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I know that, generally, if and choose statements should be avoided in deference to pattern matching however I find myself in situation where I must use one or the other (this is caused by my need for sorting).

At any rate I can either use two <xsl:if /> statements or an <xsl:choose /> statement that has a blank <otherwise />. I want to know which, if either, is more efficient.

Here is some dummy code:

XML

<?xml version="1.0" encoding="utf-8"?>
  <news>
    <newsItem id="1">
        <title>Title 1</title>
    </newsItem>
    <newsItem id="2">
        <title>Title 2</title>
    </newsItem>
    <newsItem id="3">
        <title></title>
    </newsItem>
    <newsItem id="4">
        <title>Title 4</title>
    </newsItem>
    <newsItem id="5">
        <title>Title 5</title>
    </newsItem>
    <newsItem id="6">
        <title>Title 6</title>
    </newsItem>
  </news>

XSLT 1

<xsl:stylesheet version="1.0" xmlns:xsl="http://www.w3.org/1999/XSL/Transform">
    <xsl:template match="/">
        <ol>
            <xsl:apply-templates select="/news/newsItem [string(title)]">
                <xsl:sort order="descending" data-type="number" select="@id"/>
            </xsl:apply-templates>
        </ol>
    </xsl:template>
    <xsl:template match="newsItem">
        <xsl:if test="position() &lt; 5">
            <li>
                <xsl:value-of select="title"/>

                <xsl:if test="position() &lt; 2"> less than two</xsl:if>
                <xsl:if test="position() = 3"> equals 3</xsl:if>
            </li>
        </xsl:if>
    </xsl:template>
</xsl:stylesheet>

XSLT 2

<xsl:stylesheet version="1.0" xmlns:xsl="http://www.w3.org/1999/XSL/Transform">
    <xsl:template match="/">
        <ol>
            <xsl:apply-templates select="/news/newsItem [string(title)]">
                <xsl:sort order="descending" data-type="number" select="@id"/>
            </xsl:apply-templates>
        </ol>
    </xsl:template>
    <xsl:template match="newsItem">
        <xsl:if test="position() &lt; 5">
            <li>
                <xsl:value-of select="title"/>
                <xsl:choose>
                    <xsl:when test="position() &lt; 2"> less than two</xsl:when>
                    <xsl:when test="position() = 3"> equals 3</xsl:when>
                    <xsl:otherwise /> <!-- I know this doesn't need to be here, just included for the sake of readability -->
                </xsl:choose>
            </li>
        </xsl:if>
    </xsl:template>
</xsl:stylesheet>

Thanks for your help!

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4 Answers 4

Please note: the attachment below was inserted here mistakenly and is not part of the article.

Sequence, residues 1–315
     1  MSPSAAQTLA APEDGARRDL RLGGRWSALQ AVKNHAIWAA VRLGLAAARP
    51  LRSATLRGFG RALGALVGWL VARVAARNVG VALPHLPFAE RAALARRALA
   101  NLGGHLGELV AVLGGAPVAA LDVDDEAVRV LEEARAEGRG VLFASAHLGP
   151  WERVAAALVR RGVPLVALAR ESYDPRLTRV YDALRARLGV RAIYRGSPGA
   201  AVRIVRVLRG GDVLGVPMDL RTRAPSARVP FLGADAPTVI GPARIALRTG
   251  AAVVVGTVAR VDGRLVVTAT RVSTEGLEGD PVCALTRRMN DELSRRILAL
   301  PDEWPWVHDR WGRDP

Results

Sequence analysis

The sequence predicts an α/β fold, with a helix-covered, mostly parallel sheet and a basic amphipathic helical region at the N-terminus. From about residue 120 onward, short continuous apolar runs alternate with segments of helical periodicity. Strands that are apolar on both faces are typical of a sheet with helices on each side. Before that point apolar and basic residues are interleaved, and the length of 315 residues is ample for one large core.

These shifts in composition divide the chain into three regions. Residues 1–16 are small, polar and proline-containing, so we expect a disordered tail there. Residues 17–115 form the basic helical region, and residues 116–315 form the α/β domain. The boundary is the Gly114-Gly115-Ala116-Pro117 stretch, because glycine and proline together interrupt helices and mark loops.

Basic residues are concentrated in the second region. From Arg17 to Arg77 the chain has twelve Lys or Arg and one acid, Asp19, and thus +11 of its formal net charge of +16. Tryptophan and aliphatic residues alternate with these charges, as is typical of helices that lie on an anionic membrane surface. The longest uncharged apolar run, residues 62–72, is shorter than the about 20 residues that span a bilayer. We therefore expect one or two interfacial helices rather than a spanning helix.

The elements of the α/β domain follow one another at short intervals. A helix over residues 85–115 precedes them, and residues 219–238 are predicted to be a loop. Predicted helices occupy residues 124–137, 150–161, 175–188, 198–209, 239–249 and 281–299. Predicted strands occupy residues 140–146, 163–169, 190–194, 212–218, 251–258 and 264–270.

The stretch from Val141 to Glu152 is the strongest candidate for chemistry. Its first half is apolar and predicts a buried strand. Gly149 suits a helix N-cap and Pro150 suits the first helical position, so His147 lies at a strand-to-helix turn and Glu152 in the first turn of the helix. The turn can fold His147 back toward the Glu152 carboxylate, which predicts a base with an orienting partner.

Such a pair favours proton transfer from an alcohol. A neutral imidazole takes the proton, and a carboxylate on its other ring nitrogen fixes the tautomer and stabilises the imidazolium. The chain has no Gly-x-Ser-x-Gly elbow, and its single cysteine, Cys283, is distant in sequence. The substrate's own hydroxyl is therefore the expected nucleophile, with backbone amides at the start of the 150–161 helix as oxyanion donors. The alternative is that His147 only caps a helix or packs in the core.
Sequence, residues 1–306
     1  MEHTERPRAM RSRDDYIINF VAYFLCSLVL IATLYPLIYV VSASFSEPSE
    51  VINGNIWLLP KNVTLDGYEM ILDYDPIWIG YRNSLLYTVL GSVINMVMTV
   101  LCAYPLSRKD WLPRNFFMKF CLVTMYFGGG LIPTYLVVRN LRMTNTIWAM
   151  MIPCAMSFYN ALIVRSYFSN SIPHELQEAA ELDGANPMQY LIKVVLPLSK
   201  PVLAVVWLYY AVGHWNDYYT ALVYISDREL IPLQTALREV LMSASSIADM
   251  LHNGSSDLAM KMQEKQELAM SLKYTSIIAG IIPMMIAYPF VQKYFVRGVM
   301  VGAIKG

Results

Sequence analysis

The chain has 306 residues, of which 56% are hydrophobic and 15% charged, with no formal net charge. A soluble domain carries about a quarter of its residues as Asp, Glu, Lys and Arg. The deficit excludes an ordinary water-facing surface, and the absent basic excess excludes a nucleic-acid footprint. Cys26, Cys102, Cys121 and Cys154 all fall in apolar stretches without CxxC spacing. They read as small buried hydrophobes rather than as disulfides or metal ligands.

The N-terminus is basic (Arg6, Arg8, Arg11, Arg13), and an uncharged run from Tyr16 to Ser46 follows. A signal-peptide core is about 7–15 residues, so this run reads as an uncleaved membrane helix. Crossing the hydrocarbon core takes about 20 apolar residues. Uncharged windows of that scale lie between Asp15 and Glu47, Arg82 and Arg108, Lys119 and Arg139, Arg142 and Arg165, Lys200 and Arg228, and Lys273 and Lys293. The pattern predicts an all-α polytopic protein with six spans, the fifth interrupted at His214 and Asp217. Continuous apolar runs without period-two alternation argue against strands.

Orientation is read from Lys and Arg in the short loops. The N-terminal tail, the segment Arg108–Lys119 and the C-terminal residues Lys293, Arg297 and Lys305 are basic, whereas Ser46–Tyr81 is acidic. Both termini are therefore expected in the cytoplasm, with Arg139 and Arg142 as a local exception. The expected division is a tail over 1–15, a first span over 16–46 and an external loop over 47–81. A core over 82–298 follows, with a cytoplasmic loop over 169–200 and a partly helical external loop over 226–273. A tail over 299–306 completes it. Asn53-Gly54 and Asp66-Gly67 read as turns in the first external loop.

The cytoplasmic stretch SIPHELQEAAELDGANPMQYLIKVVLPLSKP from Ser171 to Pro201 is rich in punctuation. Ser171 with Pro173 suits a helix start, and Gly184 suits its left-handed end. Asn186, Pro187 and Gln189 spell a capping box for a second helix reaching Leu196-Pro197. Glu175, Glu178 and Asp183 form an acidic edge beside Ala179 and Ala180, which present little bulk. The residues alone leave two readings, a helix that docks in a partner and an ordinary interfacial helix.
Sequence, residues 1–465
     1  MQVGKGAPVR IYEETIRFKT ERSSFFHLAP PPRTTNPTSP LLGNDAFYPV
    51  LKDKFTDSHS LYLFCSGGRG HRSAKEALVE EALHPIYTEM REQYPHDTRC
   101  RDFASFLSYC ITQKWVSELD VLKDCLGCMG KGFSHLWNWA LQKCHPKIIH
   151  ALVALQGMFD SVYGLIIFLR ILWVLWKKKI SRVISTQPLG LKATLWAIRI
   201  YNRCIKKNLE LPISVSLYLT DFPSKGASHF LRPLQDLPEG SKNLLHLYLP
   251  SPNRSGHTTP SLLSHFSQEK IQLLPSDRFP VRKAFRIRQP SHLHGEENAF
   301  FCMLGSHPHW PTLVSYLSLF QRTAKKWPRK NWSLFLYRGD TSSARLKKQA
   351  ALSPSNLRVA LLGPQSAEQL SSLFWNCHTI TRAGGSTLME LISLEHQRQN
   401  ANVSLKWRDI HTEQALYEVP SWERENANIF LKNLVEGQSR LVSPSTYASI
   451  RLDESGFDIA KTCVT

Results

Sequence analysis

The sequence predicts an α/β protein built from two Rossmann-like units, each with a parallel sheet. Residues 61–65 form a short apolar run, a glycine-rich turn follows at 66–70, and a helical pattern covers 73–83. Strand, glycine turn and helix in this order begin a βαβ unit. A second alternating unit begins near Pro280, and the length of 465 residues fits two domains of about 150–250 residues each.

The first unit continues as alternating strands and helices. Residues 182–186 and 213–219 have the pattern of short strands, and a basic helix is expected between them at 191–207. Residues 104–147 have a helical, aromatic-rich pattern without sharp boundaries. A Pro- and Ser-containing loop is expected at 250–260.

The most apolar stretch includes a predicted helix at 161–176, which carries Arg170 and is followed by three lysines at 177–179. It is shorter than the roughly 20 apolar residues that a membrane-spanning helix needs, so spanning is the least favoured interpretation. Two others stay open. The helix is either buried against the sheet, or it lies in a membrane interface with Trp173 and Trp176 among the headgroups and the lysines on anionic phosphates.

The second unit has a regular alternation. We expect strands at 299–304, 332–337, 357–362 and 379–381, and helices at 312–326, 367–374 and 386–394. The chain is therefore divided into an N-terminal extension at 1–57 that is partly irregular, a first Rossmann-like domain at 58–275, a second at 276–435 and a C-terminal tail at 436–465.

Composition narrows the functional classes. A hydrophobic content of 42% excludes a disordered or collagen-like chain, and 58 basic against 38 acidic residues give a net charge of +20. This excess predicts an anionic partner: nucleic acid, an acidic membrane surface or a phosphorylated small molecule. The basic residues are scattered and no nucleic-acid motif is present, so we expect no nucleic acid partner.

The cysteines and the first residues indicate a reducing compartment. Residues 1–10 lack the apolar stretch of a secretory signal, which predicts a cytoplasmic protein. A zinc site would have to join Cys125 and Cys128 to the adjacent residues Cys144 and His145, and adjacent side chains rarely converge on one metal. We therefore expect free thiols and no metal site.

up vote 2 down vote accepted

When I looked into this ages ago, the only guidance I could find was in this KB article:

INFO: Techniques to Improve Performance of XSL Transformations

Reduce the usage of xsl:choose/xsl:when/xsl:otherwise. Performance is effected [sic] when the majority of selections fall through the otherwise clause. Therefore, match with when, and try to avoid using otherwise when you know that a particular value exists.

But I'm guessing it would be dependant on the XSLT processor you're using.

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In this instance it wouldn't actually make much difference. Your second 'when' test is only being executed one less time than your first.

That said, I would use the choose/when/otherwise solution if you are never expecting nor wanting both of these conditions to be true. It wouldn't seem logical to test both conditions knowing only one will be true, but depending on the factors being tested this will be inevitable.

Of course the benefit of the 'choose' is that you can easily set a fallback option, but you are not taking advantage of this. Not that it will make much difference but this 'otherwise' line will be executed whenever the two conditions return false even though it contains nothing.

If you were doing this conditional statement in another language like JavaScript you probably wouldn't think twice about using if/else if/else solution - again, because you only want one condition to ever be true.

I'm afraid the use of 'choose' over 'if' is conditional, it all depends on the data you are processing and what you are testing.

This might be useful to an extent, another dev's view: http://xsltbyexample.blogspot.com/2008/02/when-to-use-xslif-and-xslwhen.html

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It probably makes no significant difference, but in the version with the two if tests, both of the XPath conditions are always executed, whereas in the choose case, if the first if matches, the second will never have to be executed.

Stylus Studio, Oxygen, etc. all have profilers which measure this sort of thing, because like most optimization, it's usually best to measure and actually see than to try to do it by feel. And the particular XSLT engine will make a huge difference here.

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It's very unlikely to make a difference. If it does, the difference will depend entirely on what XSLT processor you are using. The answer to performance questions is always: "measure it!".

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